Finding the Silver Lining in Florence

Florence was our least favourite city visited on our European trip last fall. I say that reluctantly because of its fame and hey, it’s Europe and aren’t all European cities supposed to be charming? But when we divulged this opinion to other travellers near the end of our journey, it turns out we weren’t the only ones.

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View of Brunelleschi’s dome and the terracotta roofs from Giotto’s bell tower

After coming from the delightfully colourful Cinque Terre, we found Florence uniformly dull. Brown as far as the eye can see (except for those hills in the distance). And no green space. I suppose it also didn’t help that Paris was our introduction to Europe where patches of green abounded and the Seine was as animated as a grand boulevard. Hardly anyone walked along the Arno, and it seemed more like a ditch than a river in some places.

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Ponte Vecchio spanning the Arno River. I do love the light in this photograph though.

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Ground and building blend into each other at Pitti Palace. Also, where are the benches?

Negative comments aside, we did enjoy Florence for its art (and gelato). This is the place to see Renaissance art. I’ll highlight a few works we stared at for awhile.

Michelangelo’s Deposition (or Florentine Pietà)

Florence is a crowded mid-sized city. We noticed the tourists here more than anywhere else on our trip. So when we had almost ten minutes alone with this sculpture in the Duomo Cathedral Museum, it felt nothing short of miraculous. Depicting Jesus’ removal from the cross, Michelangelo’s figures encircle Jesus’ limp body slumping towards earth—the pained Virgin Mary on his left, a mysterious-looking figure above (believed to be Nicodemus), and a very dwarfed Mary Magdalene on Jesus’ right. All four figures look a different direction, in their own worlds with grief, yet your eye tends to circle the group counter-clockwise, starting in the middle with Jesus’ serpentine form. The work is captivating in its gravity, how three figures struggle to support the weight of a dead body. Interesting to note is that Michelangelo is said to have carved his own features into the face of the hooded man. This was his final sculpture, and he never finished it.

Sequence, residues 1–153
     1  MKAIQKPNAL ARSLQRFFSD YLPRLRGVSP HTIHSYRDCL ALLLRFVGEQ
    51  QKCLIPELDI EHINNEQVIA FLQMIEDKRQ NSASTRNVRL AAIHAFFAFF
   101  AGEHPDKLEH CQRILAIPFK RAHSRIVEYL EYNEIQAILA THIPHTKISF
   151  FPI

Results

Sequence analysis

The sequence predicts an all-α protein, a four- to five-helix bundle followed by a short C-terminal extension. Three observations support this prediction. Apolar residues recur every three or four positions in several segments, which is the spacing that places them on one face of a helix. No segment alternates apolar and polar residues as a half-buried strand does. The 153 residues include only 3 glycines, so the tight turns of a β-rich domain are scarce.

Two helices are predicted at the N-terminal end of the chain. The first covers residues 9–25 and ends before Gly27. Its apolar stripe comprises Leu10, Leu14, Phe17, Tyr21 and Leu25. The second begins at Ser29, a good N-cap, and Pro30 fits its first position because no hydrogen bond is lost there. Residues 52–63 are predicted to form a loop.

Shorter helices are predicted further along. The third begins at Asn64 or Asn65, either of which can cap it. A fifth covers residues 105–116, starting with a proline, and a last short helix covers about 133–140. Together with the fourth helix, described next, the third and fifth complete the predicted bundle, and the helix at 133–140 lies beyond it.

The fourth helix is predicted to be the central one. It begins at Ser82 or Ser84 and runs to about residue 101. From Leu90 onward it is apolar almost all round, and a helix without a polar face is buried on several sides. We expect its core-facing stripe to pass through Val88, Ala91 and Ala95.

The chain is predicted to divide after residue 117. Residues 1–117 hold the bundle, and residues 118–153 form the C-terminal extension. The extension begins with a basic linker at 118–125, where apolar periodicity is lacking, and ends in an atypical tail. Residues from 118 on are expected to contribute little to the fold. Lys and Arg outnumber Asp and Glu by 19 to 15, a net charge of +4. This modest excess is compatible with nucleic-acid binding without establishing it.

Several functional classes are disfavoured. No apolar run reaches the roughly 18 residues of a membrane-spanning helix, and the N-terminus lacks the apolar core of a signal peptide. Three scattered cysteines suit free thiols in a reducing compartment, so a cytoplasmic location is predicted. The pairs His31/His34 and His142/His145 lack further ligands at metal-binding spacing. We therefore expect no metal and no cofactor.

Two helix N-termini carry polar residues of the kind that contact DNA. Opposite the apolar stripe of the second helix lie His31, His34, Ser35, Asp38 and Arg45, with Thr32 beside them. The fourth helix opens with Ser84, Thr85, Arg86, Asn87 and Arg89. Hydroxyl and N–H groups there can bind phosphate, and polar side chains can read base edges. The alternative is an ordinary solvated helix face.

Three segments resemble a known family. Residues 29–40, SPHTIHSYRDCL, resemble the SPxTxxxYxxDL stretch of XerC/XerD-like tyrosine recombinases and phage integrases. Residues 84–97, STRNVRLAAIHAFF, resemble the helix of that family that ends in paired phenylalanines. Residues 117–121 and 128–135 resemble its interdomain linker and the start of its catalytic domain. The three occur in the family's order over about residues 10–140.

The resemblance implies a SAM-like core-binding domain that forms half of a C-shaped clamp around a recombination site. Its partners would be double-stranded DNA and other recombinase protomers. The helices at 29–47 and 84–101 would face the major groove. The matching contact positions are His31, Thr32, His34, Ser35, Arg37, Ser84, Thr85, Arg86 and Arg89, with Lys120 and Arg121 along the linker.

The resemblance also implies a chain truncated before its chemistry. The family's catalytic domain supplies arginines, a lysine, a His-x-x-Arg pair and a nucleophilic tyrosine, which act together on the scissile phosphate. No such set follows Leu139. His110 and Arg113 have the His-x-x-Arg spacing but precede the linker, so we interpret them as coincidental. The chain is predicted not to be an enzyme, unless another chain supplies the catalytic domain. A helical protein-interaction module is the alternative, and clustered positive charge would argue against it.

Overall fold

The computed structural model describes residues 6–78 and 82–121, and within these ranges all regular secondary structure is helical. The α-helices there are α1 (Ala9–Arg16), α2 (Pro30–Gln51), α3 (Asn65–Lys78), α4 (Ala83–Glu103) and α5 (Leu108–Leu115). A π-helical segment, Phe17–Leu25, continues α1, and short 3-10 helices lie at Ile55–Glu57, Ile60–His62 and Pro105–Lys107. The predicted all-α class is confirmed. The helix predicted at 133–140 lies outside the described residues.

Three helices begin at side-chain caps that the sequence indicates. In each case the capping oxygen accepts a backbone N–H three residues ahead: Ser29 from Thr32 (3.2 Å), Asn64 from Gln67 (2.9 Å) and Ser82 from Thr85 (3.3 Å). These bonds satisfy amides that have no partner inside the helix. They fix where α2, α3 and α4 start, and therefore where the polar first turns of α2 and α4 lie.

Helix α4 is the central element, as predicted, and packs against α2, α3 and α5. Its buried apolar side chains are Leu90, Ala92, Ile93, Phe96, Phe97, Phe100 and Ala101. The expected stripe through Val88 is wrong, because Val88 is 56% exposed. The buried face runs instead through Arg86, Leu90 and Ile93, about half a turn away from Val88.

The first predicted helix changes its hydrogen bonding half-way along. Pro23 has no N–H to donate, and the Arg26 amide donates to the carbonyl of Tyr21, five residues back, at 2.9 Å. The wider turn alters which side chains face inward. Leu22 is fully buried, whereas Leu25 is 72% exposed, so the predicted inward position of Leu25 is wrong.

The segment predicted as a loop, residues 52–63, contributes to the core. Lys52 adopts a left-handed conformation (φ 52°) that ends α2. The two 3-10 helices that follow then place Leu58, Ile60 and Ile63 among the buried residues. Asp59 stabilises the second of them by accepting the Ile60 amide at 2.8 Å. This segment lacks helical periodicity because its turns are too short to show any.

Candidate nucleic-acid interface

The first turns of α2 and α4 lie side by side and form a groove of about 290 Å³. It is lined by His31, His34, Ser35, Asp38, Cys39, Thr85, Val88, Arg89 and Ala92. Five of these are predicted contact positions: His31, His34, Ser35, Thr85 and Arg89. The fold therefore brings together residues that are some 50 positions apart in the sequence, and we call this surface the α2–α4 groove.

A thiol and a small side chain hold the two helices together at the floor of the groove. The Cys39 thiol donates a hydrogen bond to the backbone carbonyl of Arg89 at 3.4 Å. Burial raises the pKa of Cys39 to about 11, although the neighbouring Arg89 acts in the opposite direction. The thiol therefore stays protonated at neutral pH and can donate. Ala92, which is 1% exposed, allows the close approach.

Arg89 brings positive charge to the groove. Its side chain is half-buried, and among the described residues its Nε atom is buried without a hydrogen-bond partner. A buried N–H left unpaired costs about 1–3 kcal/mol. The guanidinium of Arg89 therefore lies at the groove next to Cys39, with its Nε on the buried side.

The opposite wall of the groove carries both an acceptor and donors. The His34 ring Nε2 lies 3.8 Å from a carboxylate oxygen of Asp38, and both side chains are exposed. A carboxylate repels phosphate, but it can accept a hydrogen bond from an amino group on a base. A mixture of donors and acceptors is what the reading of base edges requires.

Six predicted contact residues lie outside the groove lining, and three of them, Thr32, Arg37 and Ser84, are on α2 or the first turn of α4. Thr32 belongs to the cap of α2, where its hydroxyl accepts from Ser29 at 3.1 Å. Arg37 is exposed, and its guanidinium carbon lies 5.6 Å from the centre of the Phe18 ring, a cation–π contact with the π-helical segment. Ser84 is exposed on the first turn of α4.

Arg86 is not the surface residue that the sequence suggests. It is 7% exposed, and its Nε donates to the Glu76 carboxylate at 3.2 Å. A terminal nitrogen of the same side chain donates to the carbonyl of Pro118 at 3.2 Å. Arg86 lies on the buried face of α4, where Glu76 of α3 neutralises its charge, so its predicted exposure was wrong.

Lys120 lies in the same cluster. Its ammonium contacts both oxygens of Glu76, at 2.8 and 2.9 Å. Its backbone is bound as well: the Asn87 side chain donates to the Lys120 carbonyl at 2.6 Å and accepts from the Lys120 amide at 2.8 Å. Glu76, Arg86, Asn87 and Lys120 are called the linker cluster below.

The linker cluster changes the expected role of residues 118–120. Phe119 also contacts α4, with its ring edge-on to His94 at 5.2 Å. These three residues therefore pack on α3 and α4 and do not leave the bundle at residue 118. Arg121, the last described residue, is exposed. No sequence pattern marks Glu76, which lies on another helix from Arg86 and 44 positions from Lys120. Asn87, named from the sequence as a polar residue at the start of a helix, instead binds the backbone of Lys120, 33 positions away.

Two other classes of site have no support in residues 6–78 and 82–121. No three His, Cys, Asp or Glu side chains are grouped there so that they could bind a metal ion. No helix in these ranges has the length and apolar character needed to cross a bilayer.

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Ghiberti’s Gates of Paradise

Ghiberti’s bronze doors for the Baptistery of the Duomo Cathedral formally launched the Renaissance in Italy. They were so popular he was commissioned to create this second set depicting scenes from the Old Testament. The originals are in the Duomo Cathedral Museum. We had great fun studying and guessing, along with another keen tourist, which story each panel depicted. I love how Ghiberti packed so many narrative details into the tiny frames, showing off the new technique of linear perspective developed by Brunelleschi and employed by Masaccio. For example, look at the depth of the space in the bottom left panel, showing Isaac blessing his younger son Jacob.

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A replica of Ghiberti’s Gates of Paradise on the east doors of the Baptistery

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Ghiberti’s original two sets of bronze doors in the Duomo Cathedral Museum

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The Baptistery with Giotto’s Bell Tower on the right in the background

Michelangelo’s David

He’s situated like the bride at the end of a church aisle. I felt so much expectation walking towards him, and for good reason. Everything about this sculpture is big and invites a full walk-around: What’s that expression in his eyes? Is this before or after the battle with Goliath? How does that sling work? This masterpiece is the reason to go to the Accademia Gallery.

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Fra Angelico’s Annunciation

We saw many Annunciation paintings on our trip. This is one of my favourites because of its simplicity and how the artist, a Dominican friar, situated the Virgin Mary and the angel Gabriel in a vaulted space very similar to the architecture of the convent he lived in—San Marco. No gilded hall pregnant with symbols, just a bare room emphasizing Mary’s ordinariness. The figures mirror each other in terms of their folded hands and bent torsos, a posture of divine submission. In religious communities, artwork like this aimed to enhance a life of prayer and contemplation for the friars. There’s also something special about seeing artwork in the location it was made for (usually a church or in this case, a convent) and beats the walls of a museum almost anytime.

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This work is the first thing you notice when you enter the dormitory of San Marco

More artwork to come in another post. Have you been to Florence? How did it rank in your books?

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